IT WAS JUST a year ago that Washington ran out of gasoline. The shortages and the lines at the filling stations had started on the West Coast and arrived here, gradually, in mid-May. A lot of people spent last Memorial Day looking for gas. Only one out of every four filling stations was open, most of them briefly. Only in July did the lines gradually vanish. This year prices are up but, even over the holiday weekend, there weren't lines. What made the difference?

There's a simple and instructive answer. People are driving less -- not much less, but enough to make a big difference. A year ago there wasn't enough gasoline to go around. This year the supply of gasoline is actually lower. But people are getting more careful about using their cars. Prices have moved up, and consumption has moved down.

A year ago, in the shortage months of May and June, the supply of gasoline was running around 300 million gallons a day -- about 2 gallons a day for every car, bus and truck on the road. A year earlier, those vehicles had been using an average of 2.15 gallons a day. The shortage that produced the lines worked out to about one-seventh of a gallon daily per vehicle. That's not a huge amount, but the idea that there wasn't enough set off a brief panic.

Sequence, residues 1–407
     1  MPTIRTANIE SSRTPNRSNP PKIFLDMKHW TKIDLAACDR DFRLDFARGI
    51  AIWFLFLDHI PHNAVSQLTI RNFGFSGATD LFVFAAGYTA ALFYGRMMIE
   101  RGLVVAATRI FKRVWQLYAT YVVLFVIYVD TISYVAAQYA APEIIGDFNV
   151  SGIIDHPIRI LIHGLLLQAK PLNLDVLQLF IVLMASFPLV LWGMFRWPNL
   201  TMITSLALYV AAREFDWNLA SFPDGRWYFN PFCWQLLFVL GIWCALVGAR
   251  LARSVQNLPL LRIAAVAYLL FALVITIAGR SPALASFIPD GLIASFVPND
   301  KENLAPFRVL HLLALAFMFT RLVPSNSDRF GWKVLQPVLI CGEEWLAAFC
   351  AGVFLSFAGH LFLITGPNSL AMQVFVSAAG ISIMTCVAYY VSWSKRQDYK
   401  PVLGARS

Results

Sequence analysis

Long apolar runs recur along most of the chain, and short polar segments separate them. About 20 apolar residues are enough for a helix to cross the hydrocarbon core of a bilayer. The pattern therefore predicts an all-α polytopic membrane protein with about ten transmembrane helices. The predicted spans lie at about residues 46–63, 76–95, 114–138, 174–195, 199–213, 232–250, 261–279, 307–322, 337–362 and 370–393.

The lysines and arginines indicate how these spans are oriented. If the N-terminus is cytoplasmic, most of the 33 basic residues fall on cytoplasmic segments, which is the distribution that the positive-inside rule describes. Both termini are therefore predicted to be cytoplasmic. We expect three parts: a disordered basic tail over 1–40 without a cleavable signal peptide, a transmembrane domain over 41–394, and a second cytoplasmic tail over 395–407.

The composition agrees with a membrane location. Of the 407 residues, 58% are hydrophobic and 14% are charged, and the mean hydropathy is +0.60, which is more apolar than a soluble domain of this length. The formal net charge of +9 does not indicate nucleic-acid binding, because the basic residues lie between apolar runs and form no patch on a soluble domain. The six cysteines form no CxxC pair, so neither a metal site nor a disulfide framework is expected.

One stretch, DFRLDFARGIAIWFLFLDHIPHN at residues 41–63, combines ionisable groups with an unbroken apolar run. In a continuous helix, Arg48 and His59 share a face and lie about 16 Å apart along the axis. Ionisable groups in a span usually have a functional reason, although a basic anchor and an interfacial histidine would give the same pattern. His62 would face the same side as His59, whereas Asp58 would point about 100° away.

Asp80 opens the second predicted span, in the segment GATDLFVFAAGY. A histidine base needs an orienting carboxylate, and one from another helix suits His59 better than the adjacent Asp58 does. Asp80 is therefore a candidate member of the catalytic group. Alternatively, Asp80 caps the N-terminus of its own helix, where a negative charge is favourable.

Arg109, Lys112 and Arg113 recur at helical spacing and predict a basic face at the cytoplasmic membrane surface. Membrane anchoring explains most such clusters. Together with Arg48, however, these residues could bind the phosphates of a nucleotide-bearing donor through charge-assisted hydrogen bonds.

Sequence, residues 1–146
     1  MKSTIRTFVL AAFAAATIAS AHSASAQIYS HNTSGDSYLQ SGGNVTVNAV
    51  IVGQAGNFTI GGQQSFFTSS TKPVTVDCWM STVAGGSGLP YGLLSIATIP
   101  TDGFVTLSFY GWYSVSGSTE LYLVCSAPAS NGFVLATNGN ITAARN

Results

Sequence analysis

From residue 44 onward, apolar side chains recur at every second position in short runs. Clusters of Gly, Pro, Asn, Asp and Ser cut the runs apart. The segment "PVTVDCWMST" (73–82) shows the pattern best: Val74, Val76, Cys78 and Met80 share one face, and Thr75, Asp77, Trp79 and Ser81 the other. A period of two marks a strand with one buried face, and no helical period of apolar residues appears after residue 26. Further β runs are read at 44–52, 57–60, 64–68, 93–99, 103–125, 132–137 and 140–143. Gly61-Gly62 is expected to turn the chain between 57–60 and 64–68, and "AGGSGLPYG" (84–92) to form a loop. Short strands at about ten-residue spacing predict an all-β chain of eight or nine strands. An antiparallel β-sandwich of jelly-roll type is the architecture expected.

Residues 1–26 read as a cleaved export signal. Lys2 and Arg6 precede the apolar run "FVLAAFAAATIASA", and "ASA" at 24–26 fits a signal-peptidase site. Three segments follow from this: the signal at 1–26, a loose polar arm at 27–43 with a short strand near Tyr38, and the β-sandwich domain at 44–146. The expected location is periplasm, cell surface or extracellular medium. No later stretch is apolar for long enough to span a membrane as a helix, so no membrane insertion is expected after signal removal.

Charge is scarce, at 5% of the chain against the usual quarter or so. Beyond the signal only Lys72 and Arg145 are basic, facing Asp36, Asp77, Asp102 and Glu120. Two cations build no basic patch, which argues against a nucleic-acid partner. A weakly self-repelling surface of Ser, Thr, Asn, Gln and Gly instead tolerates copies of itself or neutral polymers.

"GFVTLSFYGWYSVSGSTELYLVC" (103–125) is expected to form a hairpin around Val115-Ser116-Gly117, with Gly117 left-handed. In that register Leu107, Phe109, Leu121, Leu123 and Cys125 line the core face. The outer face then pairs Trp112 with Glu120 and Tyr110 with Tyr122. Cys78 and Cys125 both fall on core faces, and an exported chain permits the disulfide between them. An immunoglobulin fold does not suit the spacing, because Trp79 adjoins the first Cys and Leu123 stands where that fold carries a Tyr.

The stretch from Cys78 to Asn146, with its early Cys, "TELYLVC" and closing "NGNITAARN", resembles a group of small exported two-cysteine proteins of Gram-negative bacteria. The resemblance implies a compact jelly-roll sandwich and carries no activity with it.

Currently the supply of gasoline is only about 280 million gallons a day, and the number of cars has risen. The statistics through early May indicate that Americans are now using about 1.8 gallons a day for each vehicle. The typical motorist now buys five gallons for every six he was buying two years ago.

Motorists who have bought more efficient cars may be driving just as far. But one thing is beyond argument: it's the higher prices that are enforcing this trend. Prices are going to keep rising, and supplies of gasoline are going to keep falling. The lesson of this spring, compared with last year, is that there's a simple way to avoid lines -- use less gas.